Berthold (“Bert”) Lippel, 87, died May 5, 2019.
Mr. Lippel was born in Dusseldorf, Germany. He and his family experienced the growing hostility of the Nazi regime, including witnessing the infamous Kristallnacht. They fled to Belgium, occupied by Germany, and spent the next years in hiding. Berthold and his sister Barbara were “Hidden Children,” separated from their parents until the liberation by the Allies in 1944. The family immigrated to the United States in 1949, settling on the Lower East Side of Manhattan. After graduating from the RCA Institutes as an electronic technician, Mr. Lippel began work for RCA on the development of BIZMAC, the first large commercial computer. He then attended MIT, graduating in 1956 with a B.S. in economics and electrical engineering, and joining IBM for a 33-year career.
He married Beatrice (Cohen) Lippel in 1959 and they had four daughters. In 1978, the family moved from Denver, Colorado, to Tucson, where Mr. Lippel was one of the founding members of Congregation Chofetz Chayim. After taking early retirement in 1989, he trained as clinical hypnotherapist and conducted a private practice until 2002, specializing in stage fright, pain management, and cancer therapy symptoms. He next devoted himself to portrait photography. An exhibit of his portraits of the elderly is on permanent view in the lobby of Handmaker Jewish Services for the Aging and his portraits of children and families grace many local homes. He also published several collections of poetry.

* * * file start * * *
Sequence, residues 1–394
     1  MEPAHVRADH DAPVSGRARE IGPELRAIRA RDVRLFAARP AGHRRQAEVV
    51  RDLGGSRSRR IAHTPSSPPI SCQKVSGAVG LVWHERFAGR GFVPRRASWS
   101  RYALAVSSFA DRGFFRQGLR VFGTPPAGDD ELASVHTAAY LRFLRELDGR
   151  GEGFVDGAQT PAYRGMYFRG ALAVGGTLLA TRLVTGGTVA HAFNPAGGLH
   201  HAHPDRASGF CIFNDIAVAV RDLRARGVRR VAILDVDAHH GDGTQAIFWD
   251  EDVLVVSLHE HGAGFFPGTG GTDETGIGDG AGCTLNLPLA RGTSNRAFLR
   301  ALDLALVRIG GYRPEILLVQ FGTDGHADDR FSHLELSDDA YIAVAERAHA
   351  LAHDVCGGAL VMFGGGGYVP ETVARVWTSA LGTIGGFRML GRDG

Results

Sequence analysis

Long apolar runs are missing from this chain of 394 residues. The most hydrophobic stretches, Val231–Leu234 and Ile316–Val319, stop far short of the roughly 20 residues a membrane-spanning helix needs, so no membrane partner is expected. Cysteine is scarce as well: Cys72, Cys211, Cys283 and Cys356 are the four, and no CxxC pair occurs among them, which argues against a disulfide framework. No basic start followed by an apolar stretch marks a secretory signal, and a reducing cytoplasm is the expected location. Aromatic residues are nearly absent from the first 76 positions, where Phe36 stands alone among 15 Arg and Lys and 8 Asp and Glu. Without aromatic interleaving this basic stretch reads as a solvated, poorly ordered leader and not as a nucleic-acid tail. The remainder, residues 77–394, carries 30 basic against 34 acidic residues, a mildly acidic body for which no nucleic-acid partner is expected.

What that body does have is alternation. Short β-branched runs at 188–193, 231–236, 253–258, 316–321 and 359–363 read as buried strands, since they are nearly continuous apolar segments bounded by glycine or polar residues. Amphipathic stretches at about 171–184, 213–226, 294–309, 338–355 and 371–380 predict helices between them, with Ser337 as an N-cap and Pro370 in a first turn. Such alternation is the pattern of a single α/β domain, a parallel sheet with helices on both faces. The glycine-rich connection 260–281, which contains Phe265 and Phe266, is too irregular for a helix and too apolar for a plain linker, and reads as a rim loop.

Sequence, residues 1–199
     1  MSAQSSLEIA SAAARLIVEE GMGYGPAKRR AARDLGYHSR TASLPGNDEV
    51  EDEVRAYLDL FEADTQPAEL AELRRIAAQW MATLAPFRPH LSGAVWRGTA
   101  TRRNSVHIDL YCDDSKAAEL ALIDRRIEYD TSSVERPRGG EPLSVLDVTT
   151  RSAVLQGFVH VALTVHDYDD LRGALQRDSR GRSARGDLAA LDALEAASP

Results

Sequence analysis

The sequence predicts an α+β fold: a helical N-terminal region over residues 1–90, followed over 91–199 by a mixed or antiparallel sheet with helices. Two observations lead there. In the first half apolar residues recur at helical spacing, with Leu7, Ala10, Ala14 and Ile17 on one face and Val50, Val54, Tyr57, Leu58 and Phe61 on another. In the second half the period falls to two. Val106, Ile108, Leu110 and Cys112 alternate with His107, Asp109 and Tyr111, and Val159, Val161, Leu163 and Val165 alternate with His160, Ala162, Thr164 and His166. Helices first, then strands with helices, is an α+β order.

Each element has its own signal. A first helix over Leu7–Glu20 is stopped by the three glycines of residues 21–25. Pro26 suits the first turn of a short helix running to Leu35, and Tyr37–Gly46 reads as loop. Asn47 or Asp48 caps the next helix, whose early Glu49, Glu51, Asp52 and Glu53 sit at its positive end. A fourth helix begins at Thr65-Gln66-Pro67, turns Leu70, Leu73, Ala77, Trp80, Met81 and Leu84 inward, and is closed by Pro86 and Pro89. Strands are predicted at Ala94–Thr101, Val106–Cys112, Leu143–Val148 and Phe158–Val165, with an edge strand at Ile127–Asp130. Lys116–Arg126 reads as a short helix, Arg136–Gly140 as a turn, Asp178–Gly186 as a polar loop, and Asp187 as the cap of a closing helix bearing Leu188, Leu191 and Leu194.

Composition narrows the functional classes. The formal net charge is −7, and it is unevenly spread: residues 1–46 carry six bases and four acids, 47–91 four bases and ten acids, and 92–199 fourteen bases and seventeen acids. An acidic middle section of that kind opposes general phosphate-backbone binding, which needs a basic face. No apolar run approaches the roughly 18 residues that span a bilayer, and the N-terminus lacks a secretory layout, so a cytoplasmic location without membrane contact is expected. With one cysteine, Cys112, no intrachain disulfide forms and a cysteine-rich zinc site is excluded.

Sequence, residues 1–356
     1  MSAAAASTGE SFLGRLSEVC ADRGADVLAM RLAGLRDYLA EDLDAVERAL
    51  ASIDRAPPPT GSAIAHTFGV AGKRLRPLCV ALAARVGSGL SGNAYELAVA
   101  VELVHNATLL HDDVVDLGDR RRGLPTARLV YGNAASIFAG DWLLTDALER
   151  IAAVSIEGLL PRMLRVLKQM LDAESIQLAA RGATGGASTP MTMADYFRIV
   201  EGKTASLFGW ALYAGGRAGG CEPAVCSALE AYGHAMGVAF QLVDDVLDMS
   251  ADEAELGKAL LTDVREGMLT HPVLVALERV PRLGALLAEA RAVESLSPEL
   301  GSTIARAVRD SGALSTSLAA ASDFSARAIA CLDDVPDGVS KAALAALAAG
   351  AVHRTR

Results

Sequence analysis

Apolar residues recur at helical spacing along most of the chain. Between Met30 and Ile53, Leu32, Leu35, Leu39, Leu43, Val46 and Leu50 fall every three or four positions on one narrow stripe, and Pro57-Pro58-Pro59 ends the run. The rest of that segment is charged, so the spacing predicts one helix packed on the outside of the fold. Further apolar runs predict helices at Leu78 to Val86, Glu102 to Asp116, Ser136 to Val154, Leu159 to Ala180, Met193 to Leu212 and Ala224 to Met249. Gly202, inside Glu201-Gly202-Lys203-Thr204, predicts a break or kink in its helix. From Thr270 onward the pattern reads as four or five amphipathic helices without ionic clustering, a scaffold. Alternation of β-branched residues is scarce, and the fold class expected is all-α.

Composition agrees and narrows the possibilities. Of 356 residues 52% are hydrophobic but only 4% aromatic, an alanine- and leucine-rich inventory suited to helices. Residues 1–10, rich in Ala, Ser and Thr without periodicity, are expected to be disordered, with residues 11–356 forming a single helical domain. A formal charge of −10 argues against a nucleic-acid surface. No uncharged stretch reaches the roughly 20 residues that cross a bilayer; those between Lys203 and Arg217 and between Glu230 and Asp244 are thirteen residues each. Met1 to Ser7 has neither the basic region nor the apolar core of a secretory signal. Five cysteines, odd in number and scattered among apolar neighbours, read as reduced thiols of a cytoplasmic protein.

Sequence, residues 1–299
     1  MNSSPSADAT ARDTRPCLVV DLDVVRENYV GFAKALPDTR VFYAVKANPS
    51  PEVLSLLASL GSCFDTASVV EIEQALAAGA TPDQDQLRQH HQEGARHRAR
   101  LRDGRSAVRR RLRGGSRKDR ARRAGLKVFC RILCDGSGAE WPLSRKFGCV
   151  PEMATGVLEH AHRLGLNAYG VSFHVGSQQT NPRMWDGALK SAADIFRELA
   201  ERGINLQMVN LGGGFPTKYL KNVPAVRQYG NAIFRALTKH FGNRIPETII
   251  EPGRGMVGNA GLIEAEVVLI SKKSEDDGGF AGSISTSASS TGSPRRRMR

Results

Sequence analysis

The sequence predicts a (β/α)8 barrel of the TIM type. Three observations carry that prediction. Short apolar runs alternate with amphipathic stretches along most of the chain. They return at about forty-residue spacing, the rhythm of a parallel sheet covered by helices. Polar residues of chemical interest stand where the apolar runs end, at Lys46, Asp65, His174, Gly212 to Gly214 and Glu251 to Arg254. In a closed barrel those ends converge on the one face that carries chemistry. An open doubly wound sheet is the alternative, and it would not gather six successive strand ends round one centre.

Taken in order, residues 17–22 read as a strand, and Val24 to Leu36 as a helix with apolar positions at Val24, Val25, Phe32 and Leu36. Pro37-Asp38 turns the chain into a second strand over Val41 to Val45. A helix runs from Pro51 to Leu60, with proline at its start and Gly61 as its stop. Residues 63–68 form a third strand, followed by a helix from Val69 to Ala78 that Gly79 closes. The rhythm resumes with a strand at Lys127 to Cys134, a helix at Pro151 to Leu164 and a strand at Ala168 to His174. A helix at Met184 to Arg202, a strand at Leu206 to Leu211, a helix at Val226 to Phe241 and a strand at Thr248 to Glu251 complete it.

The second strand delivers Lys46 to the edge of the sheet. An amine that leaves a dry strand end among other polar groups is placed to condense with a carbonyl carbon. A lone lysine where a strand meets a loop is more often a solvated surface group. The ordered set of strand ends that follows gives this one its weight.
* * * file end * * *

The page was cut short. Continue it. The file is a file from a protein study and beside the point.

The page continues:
Mr. Lippel was a volunteer for many local causes. Twice the recipient of IBM’s prestigious Social Service Award, he was able to take two sabbaticals devoted to social service. The first project, in Denver, was with Project Atlantis—a pioneering effort to empower severely disabled young people to live independently in the community. In the second project he worked with the Cerebral Palsy Foundation in Tucson, helping patients find more freedom to write and speak by applying computer technology. Mr. Lippel was also one of the early hospice volunteers in Tucson, and worked with the Giving Tree shelter as staff photographer, documenting the plight of homeless mothers and children.
Survivors include his children, Miriam Lippel-Blum and husband Bennett, Naomi Lippel, and Ellie Lippel, all of Tucson, and Rebecca Lockhart and husband Robin of San Francisco; his sister Barbara Schulman of Los Angeles; and two grandsons.
Services were held at Evergreen Mortuary with Rabbi Robert Eisen of Congregation Anshei Israel officiating, followed by interment in the Congregation Anshei Israel section at Evergreen Cemetery.
Memorial contributions may be made to the American Diabetes Association,